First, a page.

TL;DR: QC of the first 1000 keyboards starts tomorrow. They should be on a plane to the US by Monday; The wood factory is working on the second 1000 enclosures, but hasn’t promised a delivery date yet; Jesse’s in China for an unplanned trip to do QC; Bay Area meetup November 11th.
Hello from Oakland and Shenzhen,
(Right now, Jesse’s on the ground in Shenzhen for an unexpected factory visit. More on that later.)
When we wrote last month, we’d been pretty certain that keyboards for all Kickstarter backers would be on their way by now. That did not come to pass.
As of today, the factory has completed assembly of the first 1000 Model 01 keyboards. They’re currently going through a 72 hour burn-in test.
Why only 1000? Our wood factory was having trouble meeting their deliverables schedule, so we decided to split the Kickstarter manufacturing into two batches of 1000 units. The hope is to deliver as many high-quality Model 01s as we can, as soon as we can, even if that means they won’t all be delivered at the same time.
Overall, the latest delay has primarily been due to quality issues with the wooden enclosures. As the factory checked the enclosures that had arrived from the wood CNC shop, they found a number of defects.
These defects ranged from discolored “spots”, a few cracked pieces, mis-installed brass screw nuts, and several hundred pieces where the wood seemed to have been over-milled such that there was a big gap between the baseplate and the enclosure.
The wood factory is taking responsibility for the issues and has been working overtime to rework and replace the bad enclosures.
Obviously, we’re pretty frustrated at the slowdown in production, but in the end we recognize that we’d much rather have caught these issues now rather than shipping out bad keyboards.
Now that the wood factory has delivered 1000 good enclosures, they’re working on the next 1000. After that, they’ll deliver another batch. Once those keyboards are built, we’ll be caught up on preordered keyboards.
There are a bunch of factors that will influence the order in which we send out keyboards, but one important one is the BackerKit survey. If you have not yet filled out the survey confirming your address, you should do that. If you didn’t get the survey, please write us at firstname.lastname@example.org.
Typically, the way pre-shipping quality inspection for a consumer item works is that a third-party inspector does a spot check of a small number of randomly selected units from the upcoming shipment. (This is in addition to controls the factory has implemented internally.) If no serious issues are found, the shipment goes out the door.
We were not terribly happy with some of the quality issues that made it out the door on PVT keyboards. Since then, we’ve been working with the factory to help them figure out process improvements to reduce or eliminate the kinds of issues we saw. We’ve also been beefing up our documentation of the quality standard and test procedures.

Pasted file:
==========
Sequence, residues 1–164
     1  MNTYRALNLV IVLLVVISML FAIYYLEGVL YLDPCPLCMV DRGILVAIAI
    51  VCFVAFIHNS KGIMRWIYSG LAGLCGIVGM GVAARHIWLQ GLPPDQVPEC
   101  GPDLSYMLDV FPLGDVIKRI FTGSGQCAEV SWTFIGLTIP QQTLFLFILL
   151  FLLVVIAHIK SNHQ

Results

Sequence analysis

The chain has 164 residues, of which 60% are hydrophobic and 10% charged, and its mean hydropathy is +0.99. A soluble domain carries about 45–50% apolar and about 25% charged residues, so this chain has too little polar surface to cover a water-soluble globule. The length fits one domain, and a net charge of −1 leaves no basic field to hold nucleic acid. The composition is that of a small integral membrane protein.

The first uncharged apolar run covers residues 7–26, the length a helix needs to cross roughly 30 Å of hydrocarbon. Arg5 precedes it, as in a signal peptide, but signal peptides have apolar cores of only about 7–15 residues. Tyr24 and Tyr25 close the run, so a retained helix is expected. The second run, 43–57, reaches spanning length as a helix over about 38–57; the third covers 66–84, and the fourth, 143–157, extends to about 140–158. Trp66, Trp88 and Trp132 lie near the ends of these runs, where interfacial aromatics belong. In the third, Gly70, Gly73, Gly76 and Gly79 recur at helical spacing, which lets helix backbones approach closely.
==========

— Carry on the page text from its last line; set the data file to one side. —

The factory does significant testing as part of the assembly process. At the same time, we decided that we’re going to do a relatively expensive “100% check” of at least the first few hundred units in the first mass production run. Based on the results of that check, we’ll decided whether to continue with the 100% check or back down to random sampling.
When we contacted our third party QC firm a week ago to schedule their inspection of the first 1000 keyboards, they told us that they might have one day for us next weekend, but are otherwise unavailable. They also told us that they won’t be available for most of October.
That was… unexpected and somewhat disappointing.
Since then, we’ve been scrambling to find a replacement quality inspection firm. If the Model 01 were a ‘regular’ keyboard, we’d be comfortable letting a QC firm use their standard quality check procedures without any special training. But the Model 01 is not a regular keyboard.
Since the quality inspectors Jesse trained to check the Model 01 aren’t around, we didn’t see any other option than to put Jesse on a plane to Shenzhen. On Wednesday Jesse will start the quality inspection, along with a freelance quality inspector recommended by a friend of ours as a sort of trial run. At the same time, we’re continuing to talk to a few other options to see if one of them might be a better fit.
While in Shenzhen, Jesse should be approving the plastic packaging for the ‘extra’ keycap sets. If the packaging looks right, the tooling to produce it will take about two weeks. There’s a decent chance that the extra keycap sets will ship with some keyboards, but we’re pretty sure that we’re going to end up shipping some Model 01s to customers and then shipping your extra keycap sets as a followup as soon as they’re available.
Box of crap
If things go well with the factory, Jesse may have a few days in Shenzhen to do another run of our “box of crap from Shenzhen” project. If you think you might want a box of crap from Shenzhen, keep an eye on http://twitter.com/keyboardio. We may try shipping everything to ourselves in California and doing fulfillment from the US time around.
Bay Area Meetup
We’re taking part in the big Bay Area Mechanical Keyboard Meetup that’s happening on November 11th in Palo Alto. There will be a lot of keyboards there, ours and others’ and old rare ones, plus some talks and good times. The event is free, but requires advanced sign-up. Hope to see some of you there!